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March 7, 2007

Corruption Collage

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By looking at this collage we can see that acts of violence, hatred, and corruption seem to prevail throughout our world. These elements have been a part of our past history and are inescapable. Spend some time analyzing this collage; after doing so you may realize gang violence, hatred, and racist acts exist in your own life. Where and when have you witnessed these devastating acts? What caused these events? How do these events accumulate hatred in our world leading to war?

Posted by at March 7, 2007 9:01 PM | A Wreath for Emmett Till

Comments

Coming from a small town and not having very much diversity I definetly saw people get picked on. My senior year some Muslim students came to our school and were singled out by some of the guys that went to our school. For the most part no one bothered them but there were definetly some racist people in our school. I know they got in a fight one day during school and some nasty things were said. If this happened in a small school, I am sure it happens in a much larger scale in other schools. This effects people in the world because if violence like this is already starting in High School it will only get worse the older they grow. Their opinions for the most part won't change unless something is done.

Posted by: Jessica Tewalt at March 20, 2007 4:56 PM

I agree with Jessica in that beliefs learned in youth can be hard to change in adulthood. Like Jessica, I also grew up in a very small, rural town where differences were not accepted. In our town, the way most students reacted to people who were different than themselves was through verbal abuse instead of physical.

Posted by: Sara Hagen at March 20, 2007 8:07 PM

I grew up in a very diverse area for minnesota. I saw people of the same backgrouds staying together forming groups and then they would fight other groups. I think there was a lot more acceptance of people's differences where I lived, but I still don't think it's where it should be. Most people learn to hate others while they are young. They see it as a cultural norm. When they get older it seems to only get worse when entering adulthood.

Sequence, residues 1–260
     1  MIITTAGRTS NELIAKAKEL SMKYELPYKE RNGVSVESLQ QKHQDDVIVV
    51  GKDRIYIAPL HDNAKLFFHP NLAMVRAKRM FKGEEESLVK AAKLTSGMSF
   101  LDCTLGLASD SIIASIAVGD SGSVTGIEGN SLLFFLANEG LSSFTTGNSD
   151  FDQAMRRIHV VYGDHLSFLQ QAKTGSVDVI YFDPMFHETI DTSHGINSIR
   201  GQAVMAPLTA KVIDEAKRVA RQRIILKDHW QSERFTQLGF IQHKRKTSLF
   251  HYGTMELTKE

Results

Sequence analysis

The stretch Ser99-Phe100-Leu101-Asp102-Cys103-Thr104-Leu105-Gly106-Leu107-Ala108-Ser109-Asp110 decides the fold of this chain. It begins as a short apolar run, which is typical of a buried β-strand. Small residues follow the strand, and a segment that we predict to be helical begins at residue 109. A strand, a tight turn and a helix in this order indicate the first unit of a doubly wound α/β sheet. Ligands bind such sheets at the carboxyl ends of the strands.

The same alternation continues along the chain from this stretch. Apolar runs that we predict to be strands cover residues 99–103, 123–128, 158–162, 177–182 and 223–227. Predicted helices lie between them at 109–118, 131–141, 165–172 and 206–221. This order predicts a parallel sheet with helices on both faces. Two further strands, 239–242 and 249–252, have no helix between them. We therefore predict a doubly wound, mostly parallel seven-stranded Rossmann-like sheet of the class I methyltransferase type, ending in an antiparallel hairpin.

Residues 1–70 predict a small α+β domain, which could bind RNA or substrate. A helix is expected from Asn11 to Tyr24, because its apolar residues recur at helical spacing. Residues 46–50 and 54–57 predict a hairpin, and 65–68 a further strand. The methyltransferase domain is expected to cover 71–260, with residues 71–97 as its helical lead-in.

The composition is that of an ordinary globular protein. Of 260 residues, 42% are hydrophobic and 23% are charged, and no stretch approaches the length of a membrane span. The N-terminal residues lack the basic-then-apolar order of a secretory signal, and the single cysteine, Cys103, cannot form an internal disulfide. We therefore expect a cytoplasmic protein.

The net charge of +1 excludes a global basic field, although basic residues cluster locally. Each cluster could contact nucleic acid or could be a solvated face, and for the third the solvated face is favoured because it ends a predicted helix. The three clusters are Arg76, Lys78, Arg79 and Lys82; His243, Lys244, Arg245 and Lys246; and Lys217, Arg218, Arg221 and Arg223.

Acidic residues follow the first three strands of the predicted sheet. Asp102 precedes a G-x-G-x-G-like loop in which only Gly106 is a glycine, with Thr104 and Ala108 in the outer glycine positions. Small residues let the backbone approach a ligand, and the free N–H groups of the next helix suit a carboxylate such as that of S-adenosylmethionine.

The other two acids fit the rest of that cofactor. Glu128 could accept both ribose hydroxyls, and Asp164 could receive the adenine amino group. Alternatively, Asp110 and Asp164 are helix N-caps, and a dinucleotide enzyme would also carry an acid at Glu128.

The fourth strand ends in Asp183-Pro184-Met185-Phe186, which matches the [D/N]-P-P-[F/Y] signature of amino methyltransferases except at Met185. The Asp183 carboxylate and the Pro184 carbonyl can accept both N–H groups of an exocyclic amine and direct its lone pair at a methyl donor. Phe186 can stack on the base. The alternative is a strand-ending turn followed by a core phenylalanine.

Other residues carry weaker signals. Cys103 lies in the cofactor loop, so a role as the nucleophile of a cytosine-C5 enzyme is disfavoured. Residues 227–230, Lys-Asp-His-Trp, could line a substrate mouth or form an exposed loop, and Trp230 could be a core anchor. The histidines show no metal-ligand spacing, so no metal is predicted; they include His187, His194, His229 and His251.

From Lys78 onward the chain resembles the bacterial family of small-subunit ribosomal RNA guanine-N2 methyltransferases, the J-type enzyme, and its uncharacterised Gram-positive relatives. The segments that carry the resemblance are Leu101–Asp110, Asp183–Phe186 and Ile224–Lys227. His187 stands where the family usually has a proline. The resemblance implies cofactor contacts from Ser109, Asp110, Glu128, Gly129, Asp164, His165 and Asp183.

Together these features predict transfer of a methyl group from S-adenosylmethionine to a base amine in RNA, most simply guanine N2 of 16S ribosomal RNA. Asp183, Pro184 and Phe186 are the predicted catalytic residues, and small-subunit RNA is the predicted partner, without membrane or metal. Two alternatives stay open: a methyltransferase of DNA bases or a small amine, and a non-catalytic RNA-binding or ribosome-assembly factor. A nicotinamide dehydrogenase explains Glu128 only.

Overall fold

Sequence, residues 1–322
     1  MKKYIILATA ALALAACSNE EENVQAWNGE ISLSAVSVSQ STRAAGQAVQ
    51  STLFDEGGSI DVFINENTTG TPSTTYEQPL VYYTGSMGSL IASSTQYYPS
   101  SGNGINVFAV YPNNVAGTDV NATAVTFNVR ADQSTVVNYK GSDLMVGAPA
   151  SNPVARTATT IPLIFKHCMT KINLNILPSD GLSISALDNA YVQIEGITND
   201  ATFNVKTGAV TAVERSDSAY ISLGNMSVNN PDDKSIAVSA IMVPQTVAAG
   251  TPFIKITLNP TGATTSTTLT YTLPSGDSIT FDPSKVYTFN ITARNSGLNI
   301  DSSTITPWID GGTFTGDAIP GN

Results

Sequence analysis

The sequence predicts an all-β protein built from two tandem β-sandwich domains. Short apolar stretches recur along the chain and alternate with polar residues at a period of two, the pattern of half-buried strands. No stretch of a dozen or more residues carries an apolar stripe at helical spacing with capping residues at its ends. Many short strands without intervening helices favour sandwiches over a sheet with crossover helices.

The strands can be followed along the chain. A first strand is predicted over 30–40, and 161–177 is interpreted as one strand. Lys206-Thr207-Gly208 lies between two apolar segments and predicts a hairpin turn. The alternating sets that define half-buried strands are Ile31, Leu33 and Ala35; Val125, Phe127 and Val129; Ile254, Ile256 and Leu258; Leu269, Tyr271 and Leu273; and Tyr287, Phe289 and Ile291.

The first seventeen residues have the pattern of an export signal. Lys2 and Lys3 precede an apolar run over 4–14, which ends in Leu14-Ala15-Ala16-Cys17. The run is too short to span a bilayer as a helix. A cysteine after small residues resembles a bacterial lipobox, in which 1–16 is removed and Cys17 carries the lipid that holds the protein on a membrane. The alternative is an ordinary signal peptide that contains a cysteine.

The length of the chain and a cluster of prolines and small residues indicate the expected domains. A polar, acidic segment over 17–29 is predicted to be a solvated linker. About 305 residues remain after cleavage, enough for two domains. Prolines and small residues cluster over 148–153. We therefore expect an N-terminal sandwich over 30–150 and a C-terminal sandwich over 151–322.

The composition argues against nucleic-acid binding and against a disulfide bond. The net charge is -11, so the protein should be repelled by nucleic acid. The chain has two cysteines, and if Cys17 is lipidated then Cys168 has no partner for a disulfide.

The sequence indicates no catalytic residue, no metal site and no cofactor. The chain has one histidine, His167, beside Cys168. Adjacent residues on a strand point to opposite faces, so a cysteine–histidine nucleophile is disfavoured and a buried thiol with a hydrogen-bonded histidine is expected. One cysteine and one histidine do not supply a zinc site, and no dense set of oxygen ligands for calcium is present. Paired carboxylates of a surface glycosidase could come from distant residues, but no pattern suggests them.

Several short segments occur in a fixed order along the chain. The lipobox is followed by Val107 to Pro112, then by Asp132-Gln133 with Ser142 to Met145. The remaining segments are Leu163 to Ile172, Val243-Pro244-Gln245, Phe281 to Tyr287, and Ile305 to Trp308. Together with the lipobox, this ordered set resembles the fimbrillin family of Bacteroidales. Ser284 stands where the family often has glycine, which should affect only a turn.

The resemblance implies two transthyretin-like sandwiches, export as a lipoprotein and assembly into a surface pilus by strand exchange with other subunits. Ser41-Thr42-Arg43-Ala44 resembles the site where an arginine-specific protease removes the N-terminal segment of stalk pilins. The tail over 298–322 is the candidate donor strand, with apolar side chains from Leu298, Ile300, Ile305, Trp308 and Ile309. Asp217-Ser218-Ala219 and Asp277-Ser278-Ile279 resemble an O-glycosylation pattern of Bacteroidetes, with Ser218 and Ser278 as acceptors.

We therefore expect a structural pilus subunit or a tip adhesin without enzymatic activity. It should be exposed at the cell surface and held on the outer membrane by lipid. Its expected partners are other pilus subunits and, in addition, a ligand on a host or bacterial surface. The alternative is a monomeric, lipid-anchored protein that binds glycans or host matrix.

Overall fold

Posted by: Amanda Green at April 5, 2007 5:22 PM

One afternoon after school had been let out I was going to my car to leave when I heard a lot of commotion in the corner of the parking lot. I ignored it at the time and went on my way. The next day at school I found out that two of my classmates of different races had gotten in a physical fight and one of them had been beaten so badly that he was placed in the hospital. I can't remember now what caused the fight to break out but it doesn't really matter because there is no excuse for what happened. I think that fights like these accumulate toward more hate and causes more fighting because of feeling of wanting revenge and gaining respect. Once you hit someone once it only becomes easier to make the excuse to hit them again.

Posted by: Anonymous at April 17, 2007 10:11 AM

My last couple years in high school was where I saw gangs and some of the hatred hates that take place around them. There was a group of African Americans and Asian Americans that would always be up in one another's face over some petty problem (someone accidently bumped into someone else). What really made me upset about this, was teacher's would let it happen. They knew the two groups didn't try to agree or try to get along, and instead of trying to prevent something from happening, they would let it happen, and then stop it if it got too out of hand. This shows the problems in our world today. They're problems that are going to happen, and instead of trying to prevent it, people let it just happen.

Posted by: Kaylee Mitchell at April 25, 2007 5:12 PM

I personally have not had anything that really stand out in my mind that relates to this book. Through the last of my high school years, my brother was in the Marines. He recently got out and is trying to adjust with "normal" life. He has told me very disturbing stories of the war in Iraq. He saw several people from Iraq shooting at their own because of a disagreement. He was shot by an Iraq over a disagreement and it has been hard for him since to like anyone from the Middle East. With the war in Iraq and people killing people just to prove a point really adds to the hatred in the world, at least I think. People disagree all the time, but most of the people I know, talk through it, not raise a gun to someone's head.